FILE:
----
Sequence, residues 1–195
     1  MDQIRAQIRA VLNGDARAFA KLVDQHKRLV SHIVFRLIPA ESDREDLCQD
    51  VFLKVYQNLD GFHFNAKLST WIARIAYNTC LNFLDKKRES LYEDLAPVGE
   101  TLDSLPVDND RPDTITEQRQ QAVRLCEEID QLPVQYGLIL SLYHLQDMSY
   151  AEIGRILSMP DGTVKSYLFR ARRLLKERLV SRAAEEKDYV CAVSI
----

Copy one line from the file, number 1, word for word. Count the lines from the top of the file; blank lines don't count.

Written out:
Sequence, residues 1–195